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How many conversations do we have with friends about needing to get rid of old clothes, old shoes, terrifying old food in the fridge, and so on? Yes, sometimes it is just a matter of finding time, but isn’t there all too often the voice in your head saying, “I might need that someday” or “I’ve always loved that shirt, even though I haven’t worn it in two years” or “that yoghurt might still be good” (I know – ew – but we all do it)? I had two separate conversations about closet purging this weekend alone, and I didn’t even bring either of them up! 

The practice of letting things go can be so difficult. Even letting go of the small things – that random lotion under your bathroom sink, an old pair of shorts, or that special liquor from your trip to Europe four years ago that you will never drink. We become so attached to material items because of the memory that they represent or the money we sank into them. It’s very real, and it can be very hard to just say “goodbye.” But notice that I said “sank.” It’s a sunk cost (you already spent the money, and you are not going to recoup it whether you use the item or not). More importantly, the memory is never going to go away, even if the item does. 

Attachment is not a logical process, and it can be near impossible to make sense out of it. Some of us have a hoarding-nature a little more strongly than others of us, and either way it is okay. It’s all very intricately tied together with our sense of self, and with our desires to be comfortable and  prepared. It is also, of course, driven into us from Day One that the more stuff we have, the happier we will be. But let me ask you this: did you fall into a deep depression the last time you cleared out the closet? I would be willing to wager that you actually felt the opposite! Freedom! Levity! Joy! And, perhaps, a refreshing sense of non-attachment.

I have found that a good approach to letting go is to do what you feel comfortable with, a little bit at a time. It doesn’t have to be all or nothing.

Confronting the material things can sometimes be easier than the thoughts (like I’m not good/skinny/tall/smart enough) or maybe the grudges (he lied to me/wronged me/screwed me over) that you’ve been holding on to, so maybe just start with that old lotion bottle or hairspray that you never use and just see how it feels. Take a deep breath through the nose, and then just let it out. Let go of the breath. Let go of the hairspray, and feel that much lighter. 

Are you holding onto something less concrete than a bottle of lotion that you’ll never use? Sometimes, just releasing a little bit of tension can be the best way to let go of something emotional. Taking a walk or a jog to physically let go of some steam is a great way to practice non-hoarding; it helps you let go of your workday so that you can enjoy yourself and your evening. An alternative: just find a comfortable seat (at your desk, at the kitchen table, the couch, or your yoga mat). Take a deep breath in, hold onto it for a couple of savored seconds, and then send it on its way. As you breath out, notice the warmth of the breath as it leaves through your throat and nose. Also notice the changes in your body as your breathe out: maybe your shoulders relax a little further down your back, or perhaps your jaw loosens up a little more.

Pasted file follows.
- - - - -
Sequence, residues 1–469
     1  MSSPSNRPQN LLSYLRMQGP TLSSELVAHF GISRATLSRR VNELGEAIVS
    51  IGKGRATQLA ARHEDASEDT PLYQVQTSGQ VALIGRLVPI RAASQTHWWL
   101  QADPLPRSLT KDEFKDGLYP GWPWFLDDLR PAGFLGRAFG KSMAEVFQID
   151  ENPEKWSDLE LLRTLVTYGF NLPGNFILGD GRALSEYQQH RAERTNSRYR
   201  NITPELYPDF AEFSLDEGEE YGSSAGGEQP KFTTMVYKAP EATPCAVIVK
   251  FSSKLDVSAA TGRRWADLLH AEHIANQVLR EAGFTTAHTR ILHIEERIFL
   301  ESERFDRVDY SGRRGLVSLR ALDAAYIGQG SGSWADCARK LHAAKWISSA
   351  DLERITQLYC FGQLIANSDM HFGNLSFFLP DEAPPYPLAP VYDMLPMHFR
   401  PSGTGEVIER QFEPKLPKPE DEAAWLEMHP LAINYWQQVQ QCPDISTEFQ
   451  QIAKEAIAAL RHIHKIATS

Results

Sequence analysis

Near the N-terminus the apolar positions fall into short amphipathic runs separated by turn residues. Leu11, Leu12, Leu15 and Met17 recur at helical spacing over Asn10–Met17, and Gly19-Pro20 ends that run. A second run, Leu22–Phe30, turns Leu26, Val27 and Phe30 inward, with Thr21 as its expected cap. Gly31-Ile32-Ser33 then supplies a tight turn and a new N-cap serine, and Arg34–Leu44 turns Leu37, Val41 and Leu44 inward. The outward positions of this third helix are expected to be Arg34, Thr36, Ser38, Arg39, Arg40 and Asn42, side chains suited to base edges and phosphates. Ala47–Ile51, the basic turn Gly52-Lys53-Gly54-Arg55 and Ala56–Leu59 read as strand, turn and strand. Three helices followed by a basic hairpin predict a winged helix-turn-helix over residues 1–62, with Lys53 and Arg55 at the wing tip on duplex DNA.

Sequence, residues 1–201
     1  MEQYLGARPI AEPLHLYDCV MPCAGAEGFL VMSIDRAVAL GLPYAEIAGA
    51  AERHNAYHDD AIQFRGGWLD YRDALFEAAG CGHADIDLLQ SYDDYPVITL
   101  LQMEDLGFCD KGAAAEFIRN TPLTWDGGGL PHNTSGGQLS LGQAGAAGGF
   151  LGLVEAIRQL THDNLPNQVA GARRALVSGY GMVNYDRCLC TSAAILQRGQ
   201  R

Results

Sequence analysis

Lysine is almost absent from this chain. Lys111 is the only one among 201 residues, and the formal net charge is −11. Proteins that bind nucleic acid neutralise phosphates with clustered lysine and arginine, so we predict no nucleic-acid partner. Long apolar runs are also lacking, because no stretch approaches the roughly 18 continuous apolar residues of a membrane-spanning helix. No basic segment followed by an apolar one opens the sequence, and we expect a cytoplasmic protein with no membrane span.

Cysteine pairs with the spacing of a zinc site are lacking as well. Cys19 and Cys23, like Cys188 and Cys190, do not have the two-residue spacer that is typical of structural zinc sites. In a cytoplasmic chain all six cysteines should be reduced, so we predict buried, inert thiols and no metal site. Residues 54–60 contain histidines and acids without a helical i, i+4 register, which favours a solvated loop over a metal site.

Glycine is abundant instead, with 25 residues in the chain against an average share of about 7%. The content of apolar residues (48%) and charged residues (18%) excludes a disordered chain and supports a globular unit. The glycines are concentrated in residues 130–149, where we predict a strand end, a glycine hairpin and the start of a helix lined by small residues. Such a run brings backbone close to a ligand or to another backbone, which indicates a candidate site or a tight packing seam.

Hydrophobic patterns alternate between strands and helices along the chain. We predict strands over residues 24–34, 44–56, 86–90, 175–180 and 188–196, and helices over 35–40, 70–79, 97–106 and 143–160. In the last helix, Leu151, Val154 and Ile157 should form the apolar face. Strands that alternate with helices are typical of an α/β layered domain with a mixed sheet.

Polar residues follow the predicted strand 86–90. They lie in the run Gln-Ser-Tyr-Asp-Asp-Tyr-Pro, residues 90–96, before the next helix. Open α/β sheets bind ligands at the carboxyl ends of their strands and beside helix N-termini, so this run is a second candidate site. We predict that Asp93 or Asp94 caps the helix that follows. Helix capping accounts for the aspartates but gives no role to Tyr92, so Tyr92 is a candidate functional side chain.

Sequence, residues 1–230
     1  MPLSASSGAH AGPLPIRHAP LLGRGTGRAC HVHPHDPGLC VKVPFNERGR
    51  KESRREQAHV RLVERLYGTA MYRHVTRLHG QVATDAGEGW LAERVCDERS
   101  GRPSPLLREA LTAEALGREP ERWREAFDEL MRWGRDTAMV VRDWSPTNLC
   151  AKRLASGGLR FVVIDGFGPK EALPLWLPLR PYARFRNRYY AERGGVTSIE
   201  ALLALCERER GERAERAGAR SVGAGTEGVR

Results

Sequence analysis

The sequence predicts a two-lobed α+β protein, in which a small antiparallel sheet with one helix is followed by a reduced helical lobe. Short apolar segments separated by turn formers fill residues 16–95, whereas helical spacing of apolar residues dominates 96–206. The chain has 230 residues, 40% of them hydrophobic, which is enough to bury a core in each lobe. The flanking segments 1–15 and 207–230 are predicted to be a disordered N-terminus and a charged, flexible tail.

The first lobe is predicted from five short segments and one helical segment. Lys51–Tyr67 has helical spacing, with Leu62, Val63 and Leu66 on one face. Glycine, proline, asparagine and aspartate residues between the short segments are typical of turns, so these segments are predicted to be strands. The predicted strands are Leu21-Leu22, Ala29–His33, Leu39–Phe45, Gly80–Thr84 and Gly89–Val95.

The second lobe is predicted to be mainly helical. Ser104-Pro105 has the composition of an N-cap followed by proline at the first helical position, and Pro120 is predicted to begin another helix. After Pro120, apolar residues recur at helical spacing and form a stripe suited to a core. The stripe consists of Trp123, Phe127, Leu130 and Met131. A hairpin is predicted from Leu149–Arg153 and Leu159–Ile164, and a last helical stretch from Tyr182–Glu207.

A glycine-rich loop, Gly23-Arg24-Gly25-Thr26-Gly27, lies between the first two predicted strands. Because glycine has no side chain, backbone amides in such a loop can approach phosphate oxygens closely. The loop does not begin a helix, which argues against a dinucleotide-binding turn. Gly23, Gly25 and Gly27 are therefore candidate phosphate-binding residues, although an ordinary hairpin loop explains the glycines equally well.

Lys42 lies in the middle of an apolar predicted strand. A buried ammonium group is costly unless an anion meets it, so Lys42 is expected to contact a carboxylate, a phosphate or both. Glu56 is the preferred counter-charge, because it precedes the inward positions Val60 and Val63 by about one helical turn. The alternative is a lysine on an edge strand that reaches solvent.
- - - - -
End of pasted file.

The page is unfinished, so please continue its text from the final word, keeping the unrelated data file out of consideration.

Aparigraha (non-attachment or non-hoarding) is one of the five yamas in yoga. By practicing with the small unwanted things in life like stress and old shirts, we prepare ourselves for the big-ticket items – like letting go of the ego, or our youthful wrinkle-free faces, or anything else that you can imagine that someday might leave you. Non-attachment is no easy task, but we can work on it daily with the small things. 

Say “good riddance!” to something small today and let us all know how it felt! 

Just letting go!! Jessica (right) and friend at the Grand Canyon.

Just letting go!! Jessica (left) and friend at the Grand Canyon.


Jessica began practicing yoga around 11 years ago, but it wasn't until after running cross country and track at the college level that she realized she needed something more nourishing for her body--something she could rely on for not only her physical health, but for her mental health as well. Jessica views yoga as a chance to practice relaxation, mindfulness, and compassion, which then spills over into her daily life. She can be found at Patanjali's Place practicing to her heart's delight, hanging out in downtown Durham with friends, or spending time with her husband at home. After graduating from Beloit College in 2009 and working in Women's Health for 5 years, Jessica is now a full time yoga instructor and writer. Jessica’s classes combine challenging poses, creative sequencing, and most importantly a sense of levity—she is always reminding herself and her students to never take yoga too seriously. She encourages adventurousness, hard work, and fun in all of her classes! You can stay in touch with Jessica by following her on Facebook (, Twitter and Instagram (@lavitayoga). read more about